Origin of the Schilling Family
The origin of the family is lost in the shadow of the mystic past.
Since the legendary chronicle of Bernhard Schilling von Lindeck-Forst, which, according to Heinar Schilling, he wrote as the Zurich Augustinian monk named Bonifazius in about 1320, some Schillings like to think that they are members of the Erik lineage.
Bonifazius says that Erik Skjölding (named in 894) had a disagreement with his father, King Harald of Norway, and came to Rheinfelden near Lake Constance after "long wandering travels". There he was given a property in fee simple by Duke Burcart.
Erik's descendants are alleged to have stayed in Rheinfelden as counts, dukes and even once as a king (Rudolf II, a rival king), with possessions in Lindek, Lindek-Forst and Sparnek.
An offspring of the family is said to have gone to Lahneck as a chatelain of the Electorate of Mainz.
Heinrich III Schilling von Lahnstein and Descendents
Heinrich III Schilling von Lahnstein, called Huneswin (died in 1221), is assumed to have been the progenitor of the family. There developed:
- The Western, bourgeois Schilling line
- The Eastern line of the Barons Schilling
- The Southern line of the Freiherrs Schilling v. Canstatt
This common ancestor Heinrich Schilling lived at Lahneck Fortress from 1166 to 1221.
He had three sons, of whom Johannes continued the Western line. His brother Heinrich was probably the progenitor of the Southern line, that of the Schillings v. Canstatt. Johannes' son, Heinrich, carried on the Western line, while his brother Friedrich became the progenitor of the Eastern line.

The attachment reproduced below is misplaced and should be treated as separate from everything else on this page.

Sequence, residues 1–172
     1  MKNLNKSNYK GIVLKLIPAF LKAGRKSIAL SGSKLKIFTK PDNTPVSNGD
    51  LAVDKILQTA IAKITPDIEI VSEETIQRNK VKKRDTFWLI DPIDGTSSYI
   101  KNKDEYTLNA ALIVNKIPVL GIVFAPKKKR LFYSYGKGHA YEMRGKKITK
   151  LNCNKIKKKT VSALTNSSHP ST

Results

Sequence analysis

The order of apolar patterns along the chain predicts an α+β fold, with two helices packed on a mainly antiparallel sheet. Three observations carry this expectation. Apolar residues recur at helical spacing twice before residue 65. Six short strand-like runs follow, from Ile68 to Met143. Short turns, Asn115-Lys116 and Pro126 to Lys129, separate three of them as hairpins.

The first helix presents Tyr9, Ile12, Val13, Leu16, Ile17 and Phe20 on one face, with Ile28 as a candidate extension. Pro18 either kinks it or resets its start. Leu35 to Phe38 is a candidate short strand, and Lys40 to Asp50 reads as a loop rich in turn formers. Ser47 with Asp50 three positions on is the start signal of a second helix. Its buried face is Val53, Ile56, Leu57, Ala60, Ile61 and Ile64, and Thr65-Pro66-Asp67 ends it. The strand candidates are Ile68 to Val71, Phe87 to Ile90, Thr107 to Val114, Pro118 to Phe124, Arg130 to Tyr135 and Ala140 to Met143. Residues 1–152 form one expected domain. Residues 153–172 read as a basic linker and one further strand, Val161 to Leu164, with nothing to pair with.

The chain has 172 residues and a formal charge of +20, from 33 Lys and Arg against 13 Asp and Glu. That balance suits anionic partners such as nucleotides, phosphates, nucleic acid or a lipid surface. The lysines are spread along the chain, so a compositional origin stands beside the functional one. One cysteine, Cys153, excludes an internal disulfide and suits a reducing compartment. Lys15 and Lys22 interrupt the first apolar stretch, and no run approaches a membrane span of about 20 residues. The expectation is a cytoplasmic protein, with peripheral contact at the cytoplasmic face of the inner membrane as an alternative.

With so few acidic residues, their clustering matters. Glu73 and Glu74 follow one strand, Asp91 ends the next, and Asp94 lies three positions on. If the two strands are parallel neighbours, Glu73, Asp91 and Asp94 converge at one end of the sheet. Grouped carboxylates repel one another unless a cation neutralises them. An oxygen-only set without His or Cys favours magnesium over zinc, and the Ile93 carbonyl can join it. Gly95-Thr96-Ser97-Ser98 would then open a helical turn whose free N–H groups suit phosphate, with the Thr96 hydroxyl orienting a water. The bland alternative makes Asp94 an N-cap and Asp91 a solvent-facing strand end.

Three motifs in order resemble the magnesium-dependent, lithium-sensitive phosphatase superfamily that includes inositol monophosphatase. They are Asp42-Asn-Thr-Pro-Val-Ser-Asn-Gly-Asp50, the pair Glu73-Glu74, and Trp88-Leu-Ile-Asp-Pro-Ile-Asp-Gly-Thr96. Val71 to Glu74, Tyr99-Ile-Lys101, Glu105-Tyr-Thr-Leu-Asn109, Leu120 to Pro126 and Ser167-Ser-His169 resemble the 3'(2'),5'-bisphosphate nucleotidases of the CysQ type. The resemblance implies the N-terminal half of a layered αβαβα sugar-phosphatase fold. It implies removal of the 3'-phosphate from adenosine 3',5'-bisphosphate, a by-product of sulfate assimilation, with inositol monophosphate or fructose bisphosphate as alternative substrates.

And now things get a bit bloodthirsty – times were wild in Germany then. King Rudolf von Habsburg, who died in 1291, wanted his son Albrecht to be his successor. But, for political reasons, the Electors chose Count Adolf von Nassau, who had no power. The Habsburg were resentful, and in 1292 a battle was fought near Göllheim in the Central Rhine region, at which Adolf put up a good showing but was killed.
Our valiant forebears, some of whom were chatelains for the Nassau family, did not accept the situation calmly and swore blood vengeance. But since the Electors had meanwhile moved over to the Habsburg camp, the Schillings were suddenly left standing almost alone. Nevertheless, they joined a conspiracy headed by Albrecht's nephew Johann (also known as Parricida), who killed the king on 1st May 1308 near Brugg an der Reuss. A son of Heinrich Schilling, called Bernhard, was also involved and died in this bloodbath fought at the foot of the Habsburgs' ancestral fortress. His brother Friedrich, the progenitor of the Eastern Schillings, was party to the conspiracy too. He is said to have been executed in Cologne in 1310.
Bernhard's son Friedrich (Western line) was placed under an Imperial Ban. He fled across the Alps to Bohemia, settled in Prague and finally became a City Councillor in Breslau. Here it becomes clear that the Schillings have always been of a rebellious nature. Friedrich's son Daniel was a follower of John Huss, the church reformer and had to flee to Hof, where his offspring initially stayed. Another descendant, Hanss Schilling (1470 - 1539), moved to Thuringia and with him the Schillings began to flourish in this part of Germany. His son Matthes (1510 - 1541) was a mining court official in Eisleben. His son founded the House of Proschwitz. One of his descendants was the famous sculptor Johannes Schilling (1828 - 1910) in Dresden.
Martin, another of Matthes' sons, is the progenitor of the Martinides. He was initially a clergyman in Mulden in Bohemia. This Schilling too was a rebel. So in the course of the Counter-Reformation, he had to flee to Thuringia and finally settled in Pegau in the Erzgebirge. His son Martin (1578 - 1620) initially owned a mine in Zella and then went to Suhl, where he worked as a blacksmith. His son Kasper set up the first blast furnace in Suhl.